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Encyclopedia > Bivouac shelter
A bivouac shelter in North Canterbury, New Zealand

A Bivouac (pronounced biv-oo-ak) is an encampment by night, usually without tents or covering. Often it also refers to sleeping in the open with a bivouac sack, but it may also refer to a shelter constructed of natural materials like a structure of branches to form frame may be utilized, which is then covered with leaves, ferns and similar for waterproofing and duff (also known as leaflitter) for insulation. Single sided designs allow easy access and allow the heat of a fire into the shelter, whilst full roofed designs have much better heat retention. As a general rule the roof should be at least a foot thick and opaque to bright sunlight. Artificial Bivouacs can be constructed using a variety of available materials from corrugated iron sheeting or plywood, to groundsheets or purpose made Hootchs (Bashas). Although these have the advantage of being speedy to erect and resource efficient they have relatively poor insulative properties and are relatively easily damaged by the myriad sharp objects usually found in camp. Image File history File links No higher resolution available. ... Image File history File links No higher resolution available. ... The New Zealand region of Canterbury is mainly composed of the Canterbury Plains and the surrounding mountains. ... Climbers bivouac outside a hermitage in Europe In mountaineering, a bivouac, bivy, bivy sack, bivi bag or sometimes, in the UK, Emergency Sack, is an extremely lightweight alternative to traditional tent systems. ... This article needs to be wikified. ... Look up foliage in Wiktionary, the free dictionary. ... Classes Psilotopsida Equisetopsida Marattiopsida Pteridopsida (Polypodiopsida) this dnt make sense A fern is any one of a group of about 20,000 species of plants classified in the phylum or division Pteridophyta, also known as Filicophyta. ... This article or section does not cite any references or sources. ... Thermal insulation on the Huygens probe The term thermal insulation can refer to materials used to reduce the rate of heat transfer, or the methods and processes used to reduce heat transfer. ... Toy constructed from plywood. ... This article does not cite any references or sources. ...


A hootchie (or Basha) is a simple tent, made from one or two sheets of waterproof fabric and some strong cord. Generally a Basha is made of RipStop Nylon with a reinforced seam, eyelets and loops or tabs are located along all four sides of the sheet and across the two central lines of symmetry. Usually measuring 6 foot by 8 foot (although much larger sizes can be found) the Basha is an extremely versatile shelter that can be erected in many different ways to suit the particular conditions of the location. (The word also sometimes refers to a special type of bivouac sack.) Basha is: Basha, a brand of waterproof sheet Basha, a South Indian movie starring Rajni Kanth. ... This article does not cite any references or sources. ... For other uses, see Textile (disambiguation). ... Coils of rope used for long-line fishing A rope (IPA: ) is a length of fibers, twisted or braided together to improve strength for pulling and connecting. ... Climbers bivouac outside a hermitage in Europe In mountaineering, a bivouac, bivy, bivy sack, bivi bag or sometimes, in the UK, Emergency Sack, is an extremely lightweight alternative to traditional tent systems. ...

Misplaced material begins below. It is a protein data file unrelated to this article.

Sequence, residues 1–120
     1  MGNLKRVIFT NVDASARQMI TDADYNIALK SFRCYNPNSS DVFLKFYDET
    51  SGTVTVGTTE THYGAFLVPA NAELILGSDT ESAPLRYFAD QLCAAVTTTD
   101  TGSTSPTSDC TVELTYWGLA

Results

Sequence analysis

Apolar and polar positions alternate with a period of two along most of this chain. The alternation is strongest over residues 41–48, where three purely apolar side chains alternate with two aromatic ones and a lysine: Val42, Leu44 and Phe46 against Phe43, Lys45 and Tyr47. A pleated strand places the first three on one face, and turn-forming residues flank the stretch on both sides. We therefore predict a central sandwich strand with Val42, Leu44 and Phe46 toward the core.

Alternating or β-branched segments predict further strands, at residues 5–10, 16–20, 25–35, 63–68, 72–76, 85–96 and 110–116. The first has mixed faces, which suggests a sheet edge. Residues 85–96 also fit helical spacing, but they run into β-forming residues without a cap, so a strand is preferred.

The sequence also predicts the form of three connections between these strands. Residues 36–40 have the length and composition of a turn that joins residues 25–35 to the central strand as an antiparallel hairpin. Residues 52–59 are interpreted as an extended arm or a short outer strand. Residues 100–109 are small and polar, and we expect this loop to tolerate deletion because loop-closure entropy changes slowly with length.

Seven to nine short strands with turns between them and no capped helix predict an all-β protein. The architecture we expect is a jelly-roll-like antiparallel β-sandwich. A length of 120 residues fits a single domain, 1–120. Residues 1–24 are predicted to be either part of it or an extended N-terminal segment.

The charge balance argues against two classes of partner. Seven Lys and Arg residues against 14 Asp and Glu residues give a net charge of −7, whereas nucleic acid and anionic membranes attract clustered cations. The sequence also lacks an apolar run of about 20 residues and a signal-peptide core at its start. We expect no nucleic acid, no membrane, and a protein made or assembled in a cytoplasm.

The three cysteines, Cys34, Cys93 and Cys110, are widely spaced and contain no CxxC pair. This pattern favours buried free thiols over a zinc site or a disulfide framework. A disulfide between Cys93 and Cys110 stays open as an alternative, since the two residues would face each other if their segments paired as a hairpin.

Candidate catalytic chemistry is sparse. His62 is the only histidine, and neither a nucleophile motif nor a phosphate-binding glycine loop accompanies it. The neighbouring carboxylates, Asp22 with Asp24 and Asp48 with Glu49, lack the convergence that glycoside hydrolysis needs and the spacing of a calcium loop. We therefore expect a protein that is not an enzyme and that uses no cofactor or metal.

There are many different ways to put up a bivouac shelter. The most common method is use one bivouac sheet as the roof of the shelter and a second as the groundsheet. The 'roof' flysheet is suspended along in its ridge line by a cord tied between two trees which are a suitable distance apart. The four corners of the flysheet are then either pegged out or tied down to other trees. Care must be taken to leave a gap between the ground and the sheet to ensure that you can see out and that there is enough air flow to stop condensation. The roofs of Olomouc, Czech Republic. ... This article does not cite its references or sources. ... The coniferous Coast Redwood, the tallest tree species on earth. ...


Storm poles are often used - these are poles made of metal and are used to hold up bivouacs. They are normally extendable and raise the heights of the bivouac. They are often used by fishermen. Hikers often use their extendable Trekking poles for the same purpose. A pair of typical trekking poles. ...


When making camp in a tropical situation, where sleeping off the ground is desirable, it is a common practice to string up a hammock underneath the bivouac rather than use a groundsheet. Campsites are often situated in or near forests. ... The tropics are the geographic region of the Earth centered on the equator and limited in latitude by the two tropics: the Tropic of Cancer in the north and the Tropic of Capricorn in the southern hemisphere. ... Garden hammock A couple in a hammock on the beach The hammock is a fabric sling used for sleeping or resting. ...


 
 

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